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Given the following scenario

class Base { }
class Extended extends Base {}

I can easily ask for a class object in a generic class's constructor that is some subclass of the generic type.

class Test<T extends Base> {
  Test(Class<? extends T> test) { }

This way I can do all of the following

new Test<Base>(Base.class);
new Test<Base>(Extended.class);
new Test<Extended>(Base.class); // This is not allowed by the compiler
new Test<Extended>(Extended.class);

what is exactly what I want. However, I cannot figure out how I can achieve the same constraint when using a generic methods like this:

<T extends Base> void test(T x, Class<? extends T> test) { }

With this definition, all of the following are permitted by the compiler:

test(new Base(), Base.class);
test(new Base(), Extended.class);
test(new Extended(), Base.class); // even though Base is not a subclass of Extended
test(new Extended, Extended.class);

I figure this is because of type inference and Java determining

<Base>test(new Extended(), Base.class)

instead of

<Extended>test(new Extended(), Base.class)

But how can I enforce the latter inference method?

Thanks for help!

For future readers: In the first version of this question I called Base A and Extended B. I later clarified this notation. This notation is however used in the answers.

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Just turn the second argument into Class<T>? –  fge Jun 25 '13 at 11:43
That would prohibit test(a, B.class) instead of test(b, A.class). –  Rafael Winterhalter Jun 25 '13 at 11:45
<T extends A, U extends T> void test(U x, Class<? T> test) { }? –  Tom Anderson Jun 25 '13 at 11:45
I don't get it, I thought you wanted to prohibit the Class argument to be a different class than the first argument? –  fge Jun 25 '13 at 11:47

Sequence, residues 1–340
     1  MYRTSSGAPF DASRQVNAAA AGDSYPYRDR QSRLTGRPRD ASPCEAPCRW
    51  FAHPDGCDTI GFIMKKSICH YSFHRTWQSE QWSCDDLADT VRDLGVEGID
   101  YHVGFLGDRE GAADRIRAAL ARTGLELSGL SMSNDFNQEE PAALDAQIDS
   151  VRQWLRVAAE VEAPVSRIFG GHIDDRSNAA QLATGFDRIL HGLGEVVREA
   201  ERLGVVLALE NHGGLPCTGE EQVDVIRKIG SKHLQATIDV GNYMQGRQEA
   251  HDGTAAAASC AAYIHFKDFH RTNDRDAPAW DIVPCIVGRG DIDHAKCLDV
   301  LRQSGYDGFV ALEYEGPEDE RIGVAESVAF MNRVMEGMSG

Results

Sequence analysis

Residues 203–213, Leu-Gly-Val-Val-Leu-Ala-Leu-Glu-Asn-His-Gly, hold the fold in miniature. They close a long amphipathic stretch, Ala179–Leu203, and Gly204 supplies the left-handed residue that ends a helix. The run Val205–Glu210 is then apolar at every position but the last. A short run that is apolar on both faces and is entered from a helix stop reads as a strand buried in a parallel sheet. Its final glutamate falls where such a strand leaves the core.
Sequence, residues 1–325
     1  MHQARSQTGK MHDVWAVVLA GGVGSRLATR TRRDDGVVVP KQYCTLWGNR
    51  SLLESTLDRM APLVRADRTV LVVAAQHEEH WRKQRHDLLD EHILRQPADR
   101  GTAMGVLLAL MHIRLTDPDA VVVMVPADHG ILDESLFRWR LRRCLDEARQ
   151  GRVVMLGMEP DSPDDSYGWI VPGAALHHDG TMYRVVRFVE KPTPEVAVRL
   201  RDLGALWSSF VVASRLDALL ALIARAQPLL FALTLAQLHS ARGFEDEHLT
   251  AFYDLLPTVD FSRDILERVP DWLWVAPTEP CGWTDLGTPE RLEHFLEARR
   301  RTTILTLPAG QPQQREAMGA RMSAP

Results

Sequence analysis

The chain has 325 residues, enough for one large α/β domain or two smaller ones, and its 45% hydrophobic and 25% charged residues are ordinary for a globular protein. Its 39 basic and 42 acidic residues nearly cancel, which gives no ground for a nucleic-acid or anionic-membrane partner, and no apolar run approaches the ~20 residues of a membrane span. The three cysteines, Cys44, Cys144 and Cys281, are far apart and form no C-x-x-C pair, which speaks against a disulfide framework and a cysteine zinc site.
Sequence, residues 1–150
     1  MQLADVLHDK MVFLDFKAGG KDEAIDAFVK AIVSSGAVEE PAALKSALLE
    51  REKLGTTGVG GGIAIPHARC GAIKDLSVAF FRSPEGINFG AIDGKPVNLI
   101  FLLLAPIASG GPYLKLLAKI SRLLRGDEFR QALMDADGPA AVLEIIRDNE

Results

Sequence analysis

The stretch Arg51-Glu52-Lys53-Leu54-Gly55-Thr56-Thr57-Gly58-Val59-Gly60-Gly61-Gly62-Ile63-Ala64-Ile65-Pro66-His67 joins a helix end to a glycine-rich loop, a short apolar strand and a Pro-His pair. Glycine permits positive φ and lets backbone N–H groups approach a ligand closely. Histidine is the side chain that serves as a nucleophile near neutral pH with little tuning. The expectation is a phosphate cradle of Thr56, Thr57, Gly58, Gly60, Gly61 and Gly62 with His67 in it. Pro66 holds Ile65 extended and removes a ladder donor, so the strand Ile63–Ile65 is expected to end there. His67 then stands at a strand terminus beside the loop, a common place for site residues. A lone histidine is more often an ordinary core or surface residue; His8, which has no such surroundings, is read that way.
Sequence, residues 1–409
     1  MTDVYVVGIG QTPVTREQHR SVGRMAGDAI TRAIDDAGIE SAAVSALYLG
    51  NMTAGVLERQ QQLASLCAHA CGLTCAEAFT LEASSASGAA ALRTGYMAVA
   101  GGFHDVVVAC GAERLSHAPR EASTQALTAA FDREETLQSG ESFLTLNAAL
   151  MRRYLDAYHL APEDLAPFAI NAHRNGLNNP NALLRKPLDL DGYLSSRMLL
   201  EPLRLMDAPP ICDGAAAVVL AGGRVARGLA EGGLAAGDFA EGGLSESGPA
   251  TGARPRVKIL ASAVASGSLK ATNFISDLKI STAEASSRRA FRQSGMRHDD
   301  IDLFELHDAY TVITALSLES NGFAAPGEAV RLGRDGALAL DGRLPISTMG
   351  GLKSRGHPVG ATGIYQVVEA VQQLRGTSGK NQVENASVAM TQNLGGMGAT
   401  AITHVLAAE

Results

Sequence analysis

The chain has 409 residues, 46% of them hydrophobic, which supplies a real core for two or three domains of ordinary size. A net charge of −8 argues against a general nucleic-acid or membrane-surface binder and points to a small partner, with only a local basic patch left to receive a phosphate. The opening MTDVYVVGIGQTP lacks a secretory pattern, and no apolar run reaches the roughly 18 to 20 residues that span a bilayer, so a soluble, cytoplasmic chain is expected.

To clarify, please mark which of the above 4 cases should not compile. You need to let us know what should be allowed and what should not. –  John B Jun 25 '13 at 11:50

4 Answers 4

up vote 0 down vote accepted

This is a problem in computer science, and as such, can be solved by another level of indirection:

<T extends A, U extends T> void test(T x, Class<U> test) {}

In this case, we use one type variable (bounded to A) to capture the type of the object parameter, and a second one (bounded to the first) to constrain the type of the class parameter.

If i write this example out and feed it to javac (1.6.0_26), it duly tells me:

Test.java:14: cannot find symbol
symbol  : method test(B,java.lang.Class<A>)
location: class Test<T>
        test(b, A.class);
1 error

As @JohnB intimates in his comment, you can defeat this by writing:

this.<A, A>test(b, A.class);

Or by using raw types.

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This would still allow test(b, A.class) because it would be <A,A> –  John B Jun 25 '13 at 11:57
@JohnB: That's not what my compiler says. –  Tom Anderson Jun 25 '13 at 11:58
show the line of code where you are calling it. If you specify <B,B> then compile error, if you specify <A,A>, no compile error because b is an A and A extends A. –  John B Jun 25 '13 at 12:05